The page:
Great Kiskadee – Luke Tiller
Late this winter (2017) I was lucky enough to take a couple of friends on a private tour of Southern Texas. February is peak time for vagrant Mexican birds in the valley and so there were a number of nice birds out there to look for. My fiends had a great relaxed approach to the tour in that they just wanted to see the birding sites of the Rio Grande Valley and pick up what birds we could along the way. Having a small group kept us flexible allowing us to adjust plans on the fly.
Upon arrival at the first night’s hotel in San Antonio I ticked off a couple of year birds including my first Blue Jays of the year – a real treat for this westerner. After a night in San Antonio we got on the road towards Refugio hoping to run into a couple of rare warblers that had showed up in a little park there. On the drive down we picked up a few birds for our Bee County list including Vermilion Flycatcher and a number of Crested Caracaras. Also on our list was American Kestrel, which thanks to its abundance in Texas and proclivity for roadside telephone wires became a regular feature of our driveby county lists.
Our first stop was Lions/Shelly Park in Refugio where we were hoping for a couple of special warblers. Our first hour or so of birding turned up a Barred Owl, but the only rare (by date) bird we had stumbled upon among the mixed flocks was a wintering Louisiana Waterthrush. For a couple of first time Texas visitors, however, there were plenty of local specialties to enjoy including Golden-fronted Woodpeckers, Black-crested Titmouse and Great Kiskadee.
Tropical Parula – Luke Tiller
Just as I was starting to think about what time we needed to start getting on with the rest of our day, we ran into another mixed flock and there among the Ruby-crowned Kinglets, Blue-gray Gnatcathers and Yellow-rumped Warblers was a stunning male Tropical Parula! We enjoyed great views and captured a couple of nice shots of the bird as it flitted across the stream to alight in a tree just above us. With spirts lifted we started to hunt anew for our other target Golden-crowned Warbler. After a couple of brief sightings or hearings we eventually tracked the bird down with the help of some other birders – watching as it moved surreptitiously though the shadows of some streamside brush. First stop completed with two great ABA birds and a couple of Texas specialties under our belts too.
Swinging our way west now from Refugio we birded mainly from the car, picking off a bunch of roadside species for our Duval, Webb and Live Oak County lists and made a few opportune stops to pick off Carolina Chickadee, Redhead and White-tailed Hawk among others. Highlight had however to be getting our first Green Jay of the trip – incredibly beautiful birds that it is simply impossible to tire of!
We ended our day all the way west in Laredo Texas. Arriving just in time to end our day along the Rio Grande at the Max Mandel Golf course. We started by taking a drive around the course in a golf cart (which as always was great fun) to pick up White-collared Seedeater (an obliging breeding plumaged male putting on a bit of a show) and enjoyed a few other species along the way. We then headed over to the club house to sit on the veranda and look for Red-billed Pigeon. As we were about to second guess that approach and head out onto the links to look for them two flew right past us on the US side of the river before heading across to the Mexican side. Here we sat watching them at our leisure as they perched up in some riverside trees allowing us prolonged scoped views. A simply fantastic end to a great first day.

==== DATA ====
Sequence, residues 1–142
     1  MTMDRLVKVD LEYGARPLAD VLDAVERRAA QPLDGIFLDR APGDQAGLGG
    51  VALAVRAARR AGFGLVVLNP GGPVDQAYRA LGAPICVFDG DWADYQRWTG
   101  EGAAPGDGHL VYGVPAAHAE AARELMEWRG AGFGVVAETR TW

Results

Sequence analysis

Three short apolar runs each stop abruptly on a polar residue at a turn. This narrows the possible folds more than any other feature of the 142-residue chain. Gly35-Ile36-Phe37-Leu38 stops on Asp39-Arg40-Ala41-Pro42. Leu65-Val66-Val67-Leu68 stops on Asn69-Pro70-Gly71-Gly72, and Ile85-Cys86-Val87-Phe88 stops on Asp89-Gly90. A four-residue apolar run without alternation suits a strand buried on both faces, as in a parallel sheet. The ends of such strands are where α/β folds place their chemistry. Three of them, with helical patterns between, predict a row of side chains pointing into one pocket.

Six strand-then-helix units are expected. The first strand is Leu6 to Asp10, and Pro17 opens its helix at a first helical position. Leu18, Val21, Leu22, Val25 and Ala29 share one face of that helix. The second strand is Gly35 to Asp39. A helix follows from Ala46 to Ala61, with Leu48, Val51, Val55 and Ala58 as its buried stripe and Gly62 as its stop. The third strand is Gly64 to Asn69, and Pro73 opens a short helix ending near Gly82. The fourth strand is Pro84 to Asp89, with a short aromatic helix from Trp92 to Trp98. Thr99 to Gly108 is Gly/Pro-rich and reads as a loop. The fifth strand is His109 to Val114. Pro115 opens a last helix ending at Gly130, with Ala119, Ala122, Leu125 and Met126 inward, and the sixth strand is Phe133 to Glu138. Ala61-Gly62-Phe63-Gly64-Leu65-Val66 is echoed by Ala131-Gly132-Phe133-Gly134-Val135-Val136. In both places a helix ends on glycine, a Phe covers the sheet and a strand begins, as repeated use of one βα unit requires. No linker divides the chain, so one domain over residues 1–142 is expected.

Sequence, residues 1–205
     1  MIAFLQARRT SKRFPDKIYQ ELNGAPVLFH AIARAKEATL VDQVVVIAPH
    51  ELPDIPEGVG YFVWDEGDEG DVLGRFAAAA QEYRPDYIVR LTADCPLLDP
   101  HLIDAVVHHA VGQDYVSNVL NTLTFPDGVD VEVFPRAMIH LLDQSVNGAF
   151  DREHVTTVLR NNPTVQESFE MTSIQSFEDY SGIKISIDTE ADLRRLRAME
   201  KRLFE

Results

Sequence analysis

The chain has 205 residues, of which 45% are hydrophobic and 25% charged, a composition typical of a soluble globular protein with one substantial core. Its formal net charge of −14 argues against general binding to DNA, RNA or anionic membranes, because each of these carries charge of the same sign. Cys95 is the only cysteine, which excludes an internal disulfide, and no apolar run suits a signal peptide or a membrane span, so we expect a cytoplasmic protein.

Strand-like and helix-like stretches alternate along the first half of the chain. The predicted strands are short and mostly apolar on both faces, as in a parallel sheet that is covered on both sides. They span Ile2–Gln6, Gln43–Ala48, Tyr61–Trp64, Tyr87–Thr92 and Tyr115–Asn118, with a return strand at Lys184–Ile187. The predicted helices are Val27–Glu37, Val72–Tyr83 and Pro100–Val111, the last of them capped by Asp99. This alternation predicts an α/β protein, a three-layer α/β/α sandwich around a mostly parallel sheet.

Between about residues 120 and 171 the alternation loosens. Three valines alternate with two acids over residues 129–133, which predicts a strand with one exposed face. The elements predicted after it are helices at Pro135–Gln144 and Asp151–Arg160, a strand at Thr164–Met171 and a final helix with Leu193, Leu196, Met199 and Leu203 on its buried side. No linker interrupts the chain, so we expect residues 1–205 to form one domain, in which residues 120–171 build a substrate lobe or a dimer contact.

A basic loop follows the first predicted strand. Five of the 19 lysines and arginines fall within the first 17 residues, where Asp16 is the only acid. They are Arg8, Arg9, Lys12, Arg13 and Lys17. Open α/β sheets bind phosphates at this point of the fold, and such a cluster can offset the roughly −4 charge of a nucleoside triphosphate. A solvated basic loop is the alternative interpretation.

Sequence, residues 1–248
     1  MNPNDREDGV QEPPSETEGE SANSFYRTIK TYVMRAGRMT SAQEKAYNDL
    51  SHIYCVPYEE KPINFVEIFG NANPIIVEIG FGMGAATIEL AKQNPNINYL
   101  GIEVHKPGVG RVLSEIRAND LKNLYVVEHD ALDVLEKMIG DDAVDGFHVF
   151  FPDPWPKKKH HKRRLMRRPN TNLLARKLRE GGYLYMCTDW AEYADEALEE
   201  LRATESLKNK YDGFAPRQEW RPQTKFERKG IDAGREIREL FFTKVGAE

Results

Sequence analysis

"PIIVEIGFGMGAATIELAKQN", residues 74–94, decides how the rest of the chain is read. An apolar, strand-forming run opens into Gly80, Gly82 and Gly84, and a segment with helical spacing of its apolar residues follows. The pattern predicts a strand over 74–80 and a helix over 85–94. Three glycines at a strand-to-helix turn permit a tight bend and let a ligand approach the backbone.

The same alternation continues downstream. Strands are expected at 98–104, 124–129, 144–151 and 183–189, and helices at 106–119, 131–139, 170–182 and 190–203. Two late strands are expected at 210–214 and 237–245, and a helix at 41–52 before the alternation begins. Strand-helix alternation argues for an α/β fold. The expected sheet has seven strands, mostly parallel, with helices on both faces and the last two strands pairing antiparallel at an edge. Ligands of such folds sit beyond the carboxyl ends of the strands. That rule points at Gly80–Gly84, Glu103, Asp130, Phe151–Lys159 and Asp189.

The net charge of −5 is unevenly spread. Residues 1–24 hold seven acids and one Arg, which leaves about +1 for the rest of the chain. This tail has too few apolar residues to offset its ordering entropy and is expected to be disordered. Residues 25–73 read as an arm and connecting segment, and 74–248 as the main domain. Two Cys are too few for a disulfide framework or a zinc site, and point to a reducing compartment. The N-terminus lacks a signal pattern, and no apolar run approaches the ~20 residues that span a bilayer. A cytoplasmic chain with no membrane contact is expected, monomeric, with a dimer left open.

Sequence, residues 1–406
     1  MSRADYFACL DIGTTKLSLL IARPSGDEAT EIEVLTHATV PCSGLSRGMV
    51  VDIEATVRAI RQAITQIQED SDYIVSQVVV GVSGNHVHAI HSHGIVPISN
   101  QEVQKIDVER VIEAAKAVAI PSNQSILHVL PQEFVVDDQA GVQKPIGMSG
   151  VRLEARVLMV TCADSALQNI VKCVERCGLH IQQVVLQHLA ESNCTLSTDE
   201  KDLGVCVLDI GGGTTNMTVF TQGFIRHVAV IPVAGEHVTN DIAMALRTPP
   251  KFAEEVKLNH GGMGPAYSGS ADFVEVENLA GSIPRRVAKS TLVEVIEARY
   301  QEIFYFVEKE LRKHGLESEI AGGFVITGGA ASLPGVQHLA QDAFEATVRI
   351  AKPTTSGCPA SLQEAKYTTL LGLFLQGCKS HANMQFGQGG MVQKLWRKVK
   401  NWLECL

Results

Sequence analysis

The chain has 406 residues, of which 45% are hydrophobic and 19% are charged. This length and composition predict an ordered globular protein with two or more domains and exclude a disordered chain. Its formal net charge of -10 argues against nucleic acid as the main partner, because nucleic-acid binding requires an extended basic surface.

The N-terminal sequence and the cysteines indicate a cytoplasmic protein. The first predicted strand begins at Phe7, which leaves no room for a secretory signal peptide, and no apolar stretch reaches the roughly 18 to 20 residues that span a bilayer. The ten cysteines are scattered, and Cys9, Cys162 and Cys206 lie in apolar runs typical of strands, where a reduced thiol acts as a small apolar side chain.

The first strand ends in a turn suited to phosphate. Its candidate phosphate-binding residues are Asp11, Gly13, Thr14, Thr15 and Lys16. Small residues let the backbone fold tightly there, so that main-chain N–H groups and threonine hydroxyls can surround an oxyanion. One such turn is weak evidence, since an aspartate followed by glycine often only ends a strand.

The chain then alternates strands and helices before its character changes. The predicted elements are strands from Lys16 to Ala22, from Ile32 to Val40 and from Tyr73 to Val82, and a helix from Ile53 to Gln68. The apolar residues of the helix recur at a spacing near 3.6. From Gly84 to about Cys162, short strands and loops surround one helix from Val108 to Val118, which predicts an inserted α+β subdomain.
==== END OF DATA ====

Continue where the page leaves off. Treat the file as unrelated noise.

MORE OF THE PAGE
White-collared Seedeater – Luke Tiller
We rounded off our day with incredible Korean BBQ and a couple of cold beers at BBQ Park in Laredo. If you find yourself in town go check them out (link here). Over great Bulgogi I joked that maybe we should just quit while we were ahead and go home the next day!
Our next day we headed southeast to Falcon Dam State Park. With the drought that had hit this part of Texas the birding was noticeably harder than previous years, with sparrows and other regular winterers much harder to find. Still we enjoyed our time, especially enjoying the hospitality of a couple of RVers who were kind enough to let us enjoy their bountiful (and marshmallow festooned feeders). As well as the regular feeder birds, we also picked up a few nice species including a couple of accommodating Olive Sparrows and our only Gray Catbird of the trip. There were lots of nice “desert” passerines around to enjoy like Black-throated Sparrow, Curve-billed Thrasher and Pyrrhuloxia too.
We birded our way west back towards Laredo over the day eking out species as we went. Highlights included great looks and listens too Cactus Wren at a park that’s a little off that beaten track where we also ran into RGV birder extraordinaire Mary Gustafson, Purple Martins and Neotropic Cormorants.
We ended our day poking around a couple of off-the-beaten-track parks in Laredo, adding to their eBird species lists, before hitting up a small roost of Green Parakeets and Monk Parakeets. Not quite as action packed as the previous day, but with plenty of nice birds enjoyed through the day
Red-billed Pigeon – Luke Tiller
We started our day heading south and east. First stop was Salineno where we picked up our first Plain Chachalacas and had another encounter with Red-billed Pigeon. The (eight!) Red-billeds were perched upstream from us on an island a good mile away I would guess. They however did something I’ve never seen them do before when they took off heading right past us cutting across the boat launch directly behind us on the US side. Allowing me to fire off a handful of shots to document the moment, magical!